Jordan is a small, highly resource-constrained country situated in the heart of the Middle East. Long a haven for refugees fleeing regional conflict, over one-third of Jordan’s 10 million residents are not Jordanian. Jordan is home to approximately 1.5 million Syrians, half of whom are registered as refugees with UNHCR. Jordan is also hosting 2.5 million registered Palestine refugees. In Jordan, GAGE has collected mixed-methods baseline data (between mid-2018 and early 2019) with approximately 4,000 Syrian, Palestinian, Jordanian and Dom adolescents living in host communities, formal refugee camps and informal tented settlements; fielded three rounds of covid-19 phone surveys; and is running ongoing participatory research groups with older married girls, out-of-school boys and adolescent girls and boys with disabilities (15–19 years). GAGE is also evaluating a variety of UNICEF Jordan’s programming. This brief highlights headline emerging findings and provides links to fuller publications.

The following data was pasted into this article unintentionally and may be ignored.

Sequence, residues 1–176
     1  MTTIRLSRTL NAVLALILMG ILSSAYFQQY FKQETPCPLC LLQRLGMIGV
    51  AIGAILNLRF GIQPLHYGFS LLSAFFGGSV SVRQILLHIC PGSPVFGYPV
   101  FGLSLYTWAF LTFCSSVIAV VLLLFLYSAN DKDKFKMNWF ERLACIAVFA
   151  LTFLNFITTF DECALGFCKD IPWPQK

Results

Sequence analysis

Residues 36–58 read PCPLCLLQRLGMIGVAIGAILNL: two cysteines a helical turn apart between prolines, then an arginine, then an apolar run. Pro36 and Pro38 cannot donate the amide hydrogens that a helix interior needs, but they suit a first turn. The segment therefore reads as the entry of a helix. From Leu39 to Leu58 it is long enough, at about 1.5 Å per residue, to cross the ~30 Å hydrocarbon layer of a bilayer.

Adolescent lives in Lebanon: what are we learning from participatory evidence? Lessons from participatory research with adolescents
Institution: Gender and Adolescence Global Evidence
Published: March 2022